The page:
I believe it is demonstrable that morality is objective, even if it is not always easy to discover. Obvious examples can be found in the extremes. Historical atrocities like the holocaust are universally believed to be truly evil. Child abuse and rape are universally believed to be immoral. If someone disagrees, we generally refer them to a mental health professional. C.S. Lewis is famous for observing that to understand that a line is crooked then we must have some sort of idea of what a straight line looks like. Thus, it follows that when we clearly see these things as evil, we are judging them against a similar standard of how things ought to be.  We do not invent this standard we discover it, just as we don’t invent mathematical or logical truths, we simply observe them.  Relativism denies the existence of these standards and argues that there is morally neutral ground, so we should not judge others.

Yet there is a profound incoherence in this foundational principle of the moral relativist. By saying we ought not to judge others they have imposed their own absolute moral rule. In fact, they are judging those who they perceive as judgmental, making them the worst sort of hypocrites.  Indeed, there is no morally neutral ground and moral relativism promotes intolerance of anyone who does not agree with it.  To elevate tolerance is in itself a moral ought. In fact, given relativism, there is no basis to complain about evil, fairness, justice or accuse others of wrongdoing. Relativism is ultimately contradictory and self-refuting. We do not each have our own individual moral truths; everyone instinctively recognizes a large body of moral standards. People begin with moral propositions.

The burden of proof is not on the person who holds to moral absolutes rather it is on the one who claims they do not exist. The proposition that “it is always wrong to torture innocent children for fun” needs no defense. In fact, anyone who disagrees is diagnosed a psychopath and we routinely lock such folks away in prison for life. If moral relativism were true, we would have no ground to stand on. We would be in the position to say, “While I disagree with torturing innocent children for fun, it may be fine for you.” But this is barbaric and against the foundational concepts of civilization. No one can really live this way, which explains the hypocrisy noted above. The best explanation for the objective morality that we instinctively observe is that the very fabric of reality was created by a rational moral agent.  As Christians, we argue that this agent is the God of the Bible and objective morality is a reflection of His holy nature.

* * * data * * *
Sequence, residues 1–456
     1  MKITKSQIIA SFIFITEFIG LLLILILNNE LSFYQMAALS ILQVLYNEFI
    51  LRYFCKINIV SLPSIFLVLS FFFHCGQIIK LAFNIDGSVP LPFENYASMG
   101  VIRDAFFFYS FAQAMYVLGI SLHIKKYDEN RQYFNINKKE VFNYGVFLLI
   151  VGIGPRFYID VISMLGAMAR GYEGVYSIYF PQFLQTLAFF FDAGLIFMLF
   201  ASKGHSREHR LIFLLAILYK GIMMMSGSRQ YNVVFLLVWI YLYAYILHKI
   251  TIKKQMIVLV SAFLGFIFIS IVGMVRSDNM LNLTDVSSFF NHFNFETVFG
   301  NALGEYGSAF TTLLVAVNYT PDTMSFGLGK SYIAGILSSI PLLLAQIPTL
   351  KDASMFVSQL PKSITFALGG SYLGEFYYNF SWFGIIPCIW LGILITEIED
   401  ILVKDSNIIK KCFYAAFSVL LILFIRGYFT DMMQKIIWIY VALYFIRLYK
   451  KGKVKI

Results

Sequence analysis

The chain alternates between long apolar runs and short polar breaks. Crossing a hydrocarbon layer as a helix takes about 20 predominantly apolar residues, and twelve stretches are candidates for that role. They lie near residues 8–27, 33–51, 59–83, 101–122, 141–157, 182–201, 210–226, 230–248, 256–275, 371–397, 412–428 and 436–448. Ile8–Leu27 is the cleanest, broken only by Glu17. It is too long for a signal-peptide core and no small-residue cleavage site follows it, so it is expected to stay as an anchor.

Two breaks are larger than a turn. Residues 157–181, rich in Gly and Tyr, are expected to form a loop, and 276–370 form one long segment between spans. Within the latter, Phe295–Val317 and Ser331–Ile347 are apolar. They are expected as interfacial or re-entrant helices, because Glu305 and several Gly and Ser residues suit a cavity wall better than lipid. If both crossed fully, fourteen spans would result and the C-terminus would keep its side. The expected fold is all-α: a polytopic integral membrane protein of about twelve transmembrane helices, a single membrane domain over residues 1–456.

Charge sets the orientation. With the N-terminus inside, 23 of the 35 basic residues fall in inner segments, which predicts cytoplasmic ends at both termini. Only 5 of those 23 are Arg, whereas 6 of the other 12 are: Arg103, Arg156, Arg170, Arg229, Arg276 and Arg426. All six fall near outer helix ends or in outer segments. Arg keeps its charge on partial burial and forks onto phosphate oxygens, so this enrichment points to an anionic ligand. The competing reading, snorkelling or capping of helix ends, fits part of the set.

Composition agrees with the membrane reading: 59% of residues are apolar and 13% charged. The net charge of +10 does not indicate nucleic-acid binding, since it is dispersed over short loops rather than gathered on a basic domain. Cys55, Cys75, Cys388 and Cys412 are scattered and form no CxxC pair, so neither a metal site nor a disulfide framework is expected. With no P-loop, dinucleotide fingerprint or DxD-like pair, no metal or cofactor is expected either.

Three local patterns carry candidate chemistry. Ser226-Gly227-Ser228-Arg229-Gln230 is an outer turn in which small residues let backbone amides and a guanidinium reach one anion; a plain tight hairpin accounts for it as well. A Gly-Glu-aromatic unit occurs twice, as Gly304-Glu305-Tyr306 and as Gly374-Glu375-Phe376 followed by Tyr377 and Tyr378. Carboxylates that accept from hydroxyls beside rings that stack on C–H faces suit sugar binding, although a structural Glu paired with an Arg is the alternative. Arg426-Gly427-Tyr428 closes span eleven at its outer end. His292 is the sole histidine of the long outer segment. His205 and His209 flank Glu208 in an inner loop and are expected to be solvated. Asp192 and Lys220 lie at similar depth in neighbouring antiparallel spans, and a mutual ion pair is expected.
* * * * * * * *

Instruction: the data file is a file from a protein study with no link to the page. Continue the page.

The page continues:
[1] Francis J. Beckwith and Gregory Koukl, Relativism: Feet Firmly Planted in Mid-Air (Grand Rapids, Mich.: Baker Books, 1998), 12.

What is Truth?

Is the Holy Spirit communicating to our post modern culture by arranging the manuscript evidence? I think so!

The oldest verified fragment of the New Testament is the John Ryland manuscript, dated at 100-135 AD. Quite curiously, it contains the famous discourse by Jesus and Pontius Pilate form John 18:37-38, “Then Pilate said to him, “So you are a king?” Jesus answered, “You say that I am a king. For this purpose I was born and for this purpose I have come into the world— to bear witness to the truth. Everyone who is of the truth listens to my voice.” Pilate said to him, “What is truth?”

Our culture asks, “does truth even exist?” Of course it does! The Bible claims to be the objective Word of God. Whether man understands it or not, whether he recognizes it or not, and whether he applies it to his life or not, it is still the Word of God. If you are an honest truth seeker I suggest that you set your presuppositions to the side. God reveals truth through the Bible.

Are there many ways to God?

“Enter by the narrow gate. For the gate is wide and the way is easy that leads to destruction, and those who enter by it are many. For the gate is narrow and the way is hard that leads to life, and those who find it are few.” (Mt 7:13-14)

Yes indeed we are narrow-minded as Christians when we say that Christ is the only way to God, but is not a matter of mere preference. We are as narrow as the Lord Jesus Christ. So while it would be nice for us to equivocate in order to win friends and influence people — Jesus has not left that option open to us.